Friday, August 29, 2014

how are the mighty fallen

I have, with great reluctance, been forced to go with online delivery of all my financial statements. Postal delivery has simply become so unreliable that I can no longer depend on the service. We regularly get mail for neighbors, and sometimes they bring mail to us (and I suspect that sometimes they don't). Bills have gone unpaid because they were not delivered. This can't go on.

It makes me sad. The United States Postal Service was once a great institution. The first Postmaster General was Benjamin Franklin, and the United States Postal Service can trace a line back to royal postal service in Britain. The Pony Express served to cement California into the union as a free state.

Postal costs, especially for letters, have always been high, because the USPS had to guarantee delivery throughout the country, even to places with difficult access, and to make up for this, the USPS was given a monopoly on the delivery of this kind of mail. Other delivery services have looked with avarice on getting the parts of this business that would be most profitable; because of this (I suspect), there have been moves toward privatization and the removal of the monopoly. A 2006 law required the USPS to pre-fund retiree benefits on employees that it hasn't hired yet. This has led to many of their financial problems.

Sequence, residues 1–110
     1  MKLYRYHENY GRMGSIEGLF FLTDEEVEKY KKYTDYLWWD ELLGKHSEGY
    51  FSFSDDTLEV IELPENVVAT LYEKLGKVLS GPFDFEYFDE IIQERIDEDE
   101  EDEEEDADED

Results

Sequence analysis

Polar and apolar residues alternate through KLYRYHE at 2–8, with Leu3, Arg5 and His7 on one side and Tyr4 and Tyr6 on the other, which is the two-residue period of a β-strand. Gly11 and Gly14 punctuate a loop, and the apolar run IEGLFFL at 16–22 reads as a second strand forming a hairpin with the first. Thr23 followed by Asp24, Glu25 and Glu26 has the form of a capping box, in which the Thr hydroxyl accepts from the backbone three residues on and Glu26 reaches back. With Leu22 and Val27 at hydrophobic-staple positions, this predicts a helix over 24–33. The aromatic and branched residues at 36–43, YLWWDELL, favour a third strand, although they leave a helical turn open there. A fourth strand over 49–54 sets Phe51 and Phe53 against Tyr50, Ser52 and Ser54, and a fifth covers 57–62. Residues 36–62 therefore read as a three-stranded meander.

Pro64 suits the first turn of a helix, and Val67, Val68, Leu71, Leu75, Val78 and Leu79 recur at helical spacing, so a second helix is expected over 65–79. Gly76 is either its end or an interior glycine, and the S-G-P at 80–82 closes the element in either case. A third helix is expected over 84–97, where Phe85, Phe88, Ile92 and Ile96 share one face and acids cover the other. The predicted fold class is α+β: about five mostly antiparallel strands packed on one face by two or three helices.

I hate the idea of a private postal service. The USPS, when it works, is one of the actions of a great nation. I remember, in my early teens, being awakened in the middle of the night to see a grainy picture of men walking on the moon. In the ensuing days and weeks, I thought about what an honor it was to be a citizen of a country that could do that.

It would have been no such honor if the men in the film clip, instead of wearing US flags on their suits, were wearing the logos of General Motors.

I am sorry that this once-great institution has been so gutted that it can no longer perform its function. It is another sign of the slipping of American from our sense of being able to do anything, from our sense that we were all Americans, into venality and self-interest. I am reminded of the wail of David, when his mentor Saul and his son Jonathan were killed in battle:

The beauty of Israel is slain upon thy high places: how are the mighty fallen! Tell it not in Gath, publish it not in the streets of Askelon; lest the daughters of the Philistines rejoice, lest the daughters of the uncircumcised triumph. (2 Samuel 1:19-20)

No comments:

Post a Comment